Douglas County is being considered for federal funding for one of its major interstate exit road projects.

U.S. Rep. David Scott (D-GA) has submitted the county’s I-20 Diverging Diamond Interchange at Chapel Hill Road project to the House Committee on Transportation and Infrastructure for consideration for funding.

The project is estimated to cost $5 million to complete.

In all, Scott submitted five projects to the committee.

He submitted road projects in Cobb, Douglas, Fulton, Clayton and Henry counties. The total amount for all five projects has a $23 million price tag.

Scott said the projects are a good investment for each of the counties for road improvements.

“These investments in my district, in five counties across the metro Atlanta area, will help us fight gridlocked traffic and keep our Georgia families moving safely,” Scott said in a released statement.

Last week, the county Board of Commissioners unanimously approved a resolution to submit four transportation projects to Scott’s office for consideration for federal funding including the Interstate 20-Chapel Hill Road project that was selected.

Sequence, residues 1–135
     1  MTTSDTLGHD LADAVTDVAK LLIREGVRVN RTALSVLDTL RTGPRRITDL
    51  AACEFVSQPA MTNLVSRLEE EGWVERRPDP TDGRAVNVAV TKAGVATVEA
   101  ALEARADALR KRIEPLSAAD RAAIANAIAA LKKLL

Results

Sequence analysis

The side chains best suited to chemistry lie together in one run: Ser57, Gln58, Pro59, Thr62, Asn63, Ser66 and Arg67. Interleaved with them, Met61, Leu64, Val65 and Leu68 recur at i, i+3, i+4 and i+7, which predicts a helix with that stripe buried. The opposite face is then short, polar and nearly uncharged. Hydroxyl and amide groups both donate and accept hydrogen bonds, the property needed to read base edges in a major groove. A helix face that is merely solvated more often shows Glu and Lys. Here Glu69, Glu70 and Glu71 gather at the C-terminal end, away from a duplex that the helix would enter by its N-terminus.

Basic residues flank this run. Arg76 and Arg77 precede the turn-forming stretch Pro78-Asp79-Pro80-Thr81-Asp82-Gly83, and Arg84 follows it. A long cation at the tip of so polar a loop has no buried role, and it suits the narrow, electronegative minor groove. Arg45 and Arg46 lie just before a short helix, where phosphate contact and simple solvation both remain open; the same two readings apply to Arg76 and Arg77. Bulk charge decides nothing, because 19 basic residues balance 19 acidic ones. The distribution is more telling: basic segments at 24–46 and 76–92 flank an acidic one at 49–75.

“Douglas County is thrilled to see one of our legislative priorities like the funding of operational improvements on Chapel Hill Road come to fruition,” Commission Chairman Romona Jackson Jones said. “We are excited to see our federal partners address the county and region’s capital needs in order to improve the reliability and safety of transportation.”

During the BOC’s special-called meeting, new County Administrator Sharon Subadan said the county has over $80 million worth of projects under consideration.

In addition to the Chapel Hill Road project, the other projects that the county submitted to Scott for funding included the Lee Rd / South Sweetwater Road widening, CHC Regional Greenway Trail, South Douglas Loop — Lee Road Extension.

“We need to work on infrastructure in Douglas County,” Commissioner Tarenia Carthan said during last week’s meeting.

In submitting the Chapel Hill Road project, Scott wrote to the committee that the project would improve safety and elevate traffic congestions.

“The project is an appropriate use of taxpayer dollars and is anticipated to have the following benefits: accommodate future traffic volumes, reduce congestion, reduce the frequency and severity of crashes, and improve operations,” Scott wrote.